Digital Message In a Bottle?

Foreword.

As a programmer I try to automate most repetitive tasks, if there's something I have to do often I usually opt to write a quick script to get the job done in a more timely manner. This includes automating security related jobs when possible. With that in mind, I wrote a tool a while ago called DorkNet that, as the name may suggest, helps with Google Dorking. Since it takes in a list of dorks and appends the results to a text file it's a fast and easy way of cataloguing a lot of websites in a relatively short amount of time based on the criteria(Dorks) you have provided.

If you are interested in this program please feel free to download, or clone it directly from my repo at Github.

git clone https://github.com/NullArray/DorkNet.git

A small investigation.

As I was going over the latest batch of search results I noticed I had an entry for the website of the Saskatchewan Association of Chiefs of Police. Now, being related to law enforcement I imagined the web application would be pretty secure but since I had my intercepting proxy on anyway I figured I would just crawl it, look at some of the responses etcetera and see if I could find anything interesting regardless. Without being too intrusive or disruptive.

At some point I came across a page that would not render in browser but had large response body. Inspecting the source code revealed the presence of a variable which had been assigned the value of a very long base64 encoded string and ended in:

;eval(base64_decode($QBDB51E25BF9A7F3D2475072803D1C36D));?>

Indicating that the string was encoded PHP, to be decoded and executed. My first thought was that we were dealing with a PHP shell and after decoding the string it became apparent that we were.

Left decoded base64, right original.

Note the URL that's commented into the original source file. Following it we end up on a little website that has a bunch of shells which one may download and use at leisure, it would appear. In the decoded payload there is another set of URLs, presumably linking to the websites of the original authors of it.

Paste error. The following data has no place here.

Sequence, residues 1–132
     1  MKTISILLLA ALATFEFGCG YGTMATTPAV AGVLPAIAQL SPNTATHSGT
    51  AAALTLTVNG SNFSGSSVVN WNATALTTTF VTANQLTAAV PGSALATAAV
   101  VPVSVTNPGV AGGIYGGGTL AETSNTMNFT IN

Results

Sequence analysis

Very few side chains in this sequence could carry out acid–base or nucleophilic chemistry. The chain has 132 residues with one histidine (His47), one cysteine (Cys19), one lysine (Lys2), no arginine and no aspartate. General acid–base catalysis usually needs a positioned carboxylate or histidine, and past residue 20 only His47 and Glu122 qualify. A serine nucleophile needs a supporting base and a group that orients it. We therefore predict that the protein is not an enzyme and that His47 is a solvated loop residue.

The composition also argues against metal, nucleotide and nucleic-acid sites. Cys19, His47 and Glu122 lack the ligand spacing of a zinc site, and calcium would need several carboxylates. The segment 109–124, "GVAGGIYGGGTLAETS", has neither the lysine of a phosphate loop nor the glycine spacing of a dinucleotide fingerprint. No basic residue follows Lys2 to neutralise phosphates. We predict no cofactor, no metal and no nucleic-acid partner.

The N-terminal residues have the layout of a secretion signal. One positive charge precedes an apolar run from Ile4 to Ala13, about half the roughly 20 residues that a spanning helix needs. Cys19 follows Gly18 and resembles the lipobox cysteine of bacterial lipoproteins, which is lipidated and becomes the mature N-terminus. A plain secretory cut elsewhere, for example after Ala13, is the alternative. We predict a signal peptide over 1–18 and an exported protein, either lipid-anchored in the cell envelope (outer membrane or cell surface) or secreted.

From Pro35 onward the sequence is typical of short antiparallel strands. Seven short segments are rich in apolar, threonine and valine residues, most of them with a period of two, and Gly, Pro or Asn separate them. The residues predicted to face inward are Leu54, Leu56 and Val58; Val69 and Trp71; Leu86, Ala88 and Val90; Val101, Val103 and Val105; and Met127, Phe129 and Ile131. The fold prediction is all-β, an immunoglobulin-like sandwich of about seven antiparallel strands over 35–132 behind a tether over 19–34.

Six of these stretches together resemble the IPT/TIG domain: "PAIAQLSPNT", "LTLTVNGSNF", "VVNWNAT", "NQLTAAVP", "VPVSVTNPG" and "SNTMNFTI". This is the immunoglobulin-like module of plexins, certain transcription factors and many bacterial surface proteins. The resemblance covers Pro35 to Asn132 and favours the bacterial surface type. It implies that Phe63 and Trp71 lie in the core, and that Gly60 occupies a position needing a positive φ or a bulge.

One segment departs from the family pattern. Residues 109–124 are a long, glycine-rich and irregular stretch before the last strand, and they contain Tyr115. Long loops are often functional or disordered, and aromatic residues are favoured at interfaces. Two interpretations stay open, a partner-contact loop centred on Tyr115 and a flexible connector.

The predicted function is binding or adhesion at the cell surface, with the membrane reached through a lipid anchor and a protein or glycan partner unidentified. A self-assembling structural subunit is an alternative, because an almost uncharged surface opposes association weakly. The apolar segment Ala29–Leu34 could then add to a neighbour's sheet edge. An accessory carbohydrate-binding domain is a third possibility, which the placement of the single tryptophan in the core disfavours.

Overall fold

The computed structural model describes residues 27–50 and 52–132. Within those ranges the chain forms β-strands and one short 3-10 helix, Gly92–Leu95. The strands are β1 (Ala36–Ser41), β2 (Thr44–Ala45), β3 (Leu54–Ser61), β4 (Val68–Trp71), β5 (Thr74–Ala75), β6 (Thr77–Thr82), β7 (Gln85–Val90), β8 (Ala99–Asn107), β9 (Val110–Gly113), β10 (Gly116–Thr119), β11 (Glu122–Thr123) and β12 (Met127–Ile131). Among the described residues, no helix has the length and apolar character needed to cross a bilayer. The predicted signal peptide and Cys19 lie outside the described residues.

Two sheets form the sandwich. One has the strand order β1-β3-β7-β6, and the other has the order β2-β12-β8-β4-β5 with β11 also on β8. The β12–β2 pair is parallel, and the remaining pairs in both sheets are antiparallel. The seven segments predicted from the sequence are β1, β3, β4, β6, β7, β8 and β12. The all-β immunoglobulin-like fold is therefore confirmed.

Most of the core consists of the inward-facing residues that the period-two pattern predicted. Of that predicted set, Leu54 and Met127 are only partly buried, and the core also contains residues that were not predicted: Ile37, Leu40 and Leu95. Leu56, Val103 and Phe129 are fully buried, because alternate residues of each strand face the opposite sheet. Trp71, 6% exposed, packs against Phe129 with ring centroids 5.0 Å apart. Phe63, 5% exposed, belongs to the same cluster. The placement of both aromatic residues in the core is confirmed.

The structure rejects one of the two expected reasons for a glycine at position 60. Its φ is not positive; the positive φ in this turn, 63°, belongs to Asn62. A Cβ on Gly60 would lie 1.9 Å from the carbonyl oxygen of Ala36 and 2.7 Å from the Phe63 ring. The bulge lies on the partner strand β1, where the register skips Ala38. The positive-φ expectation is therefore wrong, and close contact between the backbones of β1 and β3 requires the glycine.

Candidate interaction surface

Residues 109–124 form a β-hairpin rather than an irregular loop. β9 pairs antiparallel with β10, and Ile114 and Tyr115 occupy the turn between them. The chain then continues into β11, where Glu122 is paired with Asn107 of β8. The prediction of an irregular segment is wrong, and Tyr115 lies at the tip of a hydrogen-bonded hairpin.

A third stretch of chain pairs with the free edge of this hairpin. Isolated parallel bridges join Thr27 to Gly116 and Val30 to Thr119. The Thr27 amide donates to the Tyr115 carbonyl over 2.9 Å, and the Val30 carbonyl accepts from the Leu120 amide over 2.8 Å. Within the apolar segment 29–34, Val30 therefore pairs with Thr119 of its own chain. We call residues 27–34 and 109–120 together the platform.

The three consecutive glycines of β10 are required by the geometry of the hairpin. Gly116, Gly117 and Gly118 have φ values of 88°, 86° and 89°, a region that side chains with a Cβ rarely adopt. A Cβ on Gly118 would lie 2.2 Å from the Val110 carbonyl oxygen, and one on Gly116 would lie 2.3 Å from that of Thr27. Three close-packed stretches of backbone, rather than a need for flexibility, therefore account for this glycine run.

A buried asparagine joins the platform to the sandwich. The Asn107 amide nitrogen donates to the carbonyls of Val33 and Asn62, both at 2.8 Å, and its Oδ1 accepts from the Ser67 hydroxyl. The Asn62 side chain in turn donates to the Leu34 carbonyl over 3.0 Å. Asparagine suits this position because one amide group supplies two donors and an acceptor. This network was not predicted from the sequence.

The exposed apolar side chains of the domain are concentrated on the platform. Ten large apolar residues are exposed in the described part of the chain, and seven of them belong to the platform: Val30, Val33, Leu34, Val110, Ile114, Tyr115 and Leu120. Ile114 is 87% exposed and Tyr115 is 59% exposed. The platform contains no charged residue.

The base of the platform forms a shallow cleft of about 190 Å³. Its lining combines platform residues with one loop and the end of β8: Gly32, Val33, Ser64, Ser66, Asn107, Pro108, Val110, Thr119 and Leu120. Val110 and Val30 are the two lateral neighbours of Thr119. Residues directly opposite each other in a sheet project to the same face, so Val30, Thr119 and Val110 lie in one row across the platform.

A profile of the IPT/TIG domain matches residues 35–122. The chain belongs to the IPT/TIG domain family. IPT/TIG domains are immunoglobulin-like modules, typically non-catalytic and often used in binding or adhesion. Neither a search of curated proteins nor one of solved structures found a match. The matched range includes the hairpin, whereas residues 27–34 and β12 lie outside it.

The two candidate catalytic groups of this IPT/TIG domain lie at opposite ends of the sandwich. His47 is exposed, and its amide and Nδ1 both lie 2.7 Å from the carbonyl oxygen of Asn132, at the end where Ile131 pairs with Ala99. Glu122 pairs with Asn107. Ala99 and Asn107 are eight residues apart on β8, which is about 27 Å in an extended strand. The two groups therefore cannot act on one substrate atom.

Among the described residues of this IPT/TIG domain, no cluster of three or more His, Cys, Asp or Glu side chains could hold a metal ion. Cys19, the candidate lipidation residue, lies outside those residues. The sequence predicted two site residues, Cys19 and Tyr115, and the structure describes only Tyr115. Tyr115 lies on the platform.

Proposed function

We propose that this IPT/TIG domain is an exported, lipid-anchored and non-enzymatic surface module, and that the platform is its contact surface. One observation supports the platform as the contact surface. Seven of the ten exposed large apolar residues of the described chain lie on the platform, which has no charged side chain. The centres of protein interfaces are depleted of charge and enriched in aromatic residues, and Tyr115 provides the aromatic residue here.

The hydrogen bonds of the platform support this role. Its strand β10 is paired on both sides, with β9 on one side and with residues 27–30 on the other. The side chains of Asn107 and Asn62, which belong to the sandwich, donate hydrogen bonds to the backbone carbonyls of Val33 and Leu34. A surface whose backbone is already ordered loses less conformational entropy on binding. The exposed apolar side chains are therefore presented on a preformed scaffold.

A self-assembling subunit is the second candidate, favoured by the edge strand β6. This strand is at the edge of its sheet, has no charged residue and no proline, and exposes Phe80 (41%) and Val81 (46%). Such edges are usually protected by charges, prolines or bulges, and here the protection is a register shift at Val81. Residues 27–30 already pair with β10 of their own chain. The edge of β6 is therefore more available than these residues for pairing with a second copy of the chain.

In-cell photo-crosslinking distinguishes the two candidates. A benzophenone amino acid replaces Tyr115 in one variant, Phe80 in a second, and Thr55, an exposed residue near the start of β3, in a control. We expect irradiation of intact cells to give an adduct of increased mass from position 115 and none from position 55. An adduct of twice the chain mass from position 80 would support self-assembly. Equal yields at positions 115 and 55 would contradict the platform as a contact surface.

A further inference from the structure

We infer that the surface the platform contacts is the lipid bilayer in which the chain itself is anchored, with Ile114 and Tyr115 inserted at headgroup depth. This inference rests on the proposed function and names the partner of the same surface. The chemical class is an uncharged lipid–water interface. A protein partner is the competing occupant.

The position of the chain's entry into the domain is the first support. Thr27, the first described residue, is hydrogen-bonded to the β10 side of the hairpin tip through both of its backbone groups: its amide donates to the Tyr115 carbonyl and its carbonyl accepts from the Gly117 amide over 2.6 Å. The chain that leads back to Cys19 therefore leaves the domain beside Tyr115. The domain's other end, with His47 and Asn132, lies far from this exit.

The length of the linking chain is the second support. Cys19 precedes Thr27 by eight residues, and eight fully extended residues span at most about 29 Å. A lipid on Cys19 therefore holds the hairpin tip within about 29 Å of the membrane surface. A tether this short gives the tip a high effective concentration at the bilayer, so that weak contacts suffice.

If you're interested in looking at the source code for yourself feel free to 'wget' it from here:

https://www.sacp.ca/news/download_attachment.php?id=16

The plot thickens.

The actor(s) were successful in exploiting their target. Interestingly enough, they left a data dump behind on the server. As far as I am able to tell this data originated from three separate sources possibly unrelated to the main target(SACP Server). Most notably there's one originating from what appears to be compromised FBI systems. Secondly there is a data dump from what appears to be dukecorperation.com, and lastly an unnamed dump that could be related to the SACP server.

Attribution.

Throughout the text in the data dump there's numerous references to AntiSec, and LulzSec which are loosely affiliated with the Anonymous hacktivist collective. The actor(s) clearly also directly address the FBI on a number of occasions throughout the dump. It would appear to me that this operation was intended to send a message to the FBI.

A Digital Message in a Bottle.

In closing.

If you're interested I have collected the data and separated it into three separate pastes according to their presumed origins.

Data Dump #1(FBI)

Data Dump #2(Duke Corp)

Data Dump #3(Potentially SACP)

The complete file can be found right on the SACP server as well by clicking here.

Please note: All references to AntiSec, are unrelated to @AntiSec_Inc, NullArray, and the Vector pseudonym.
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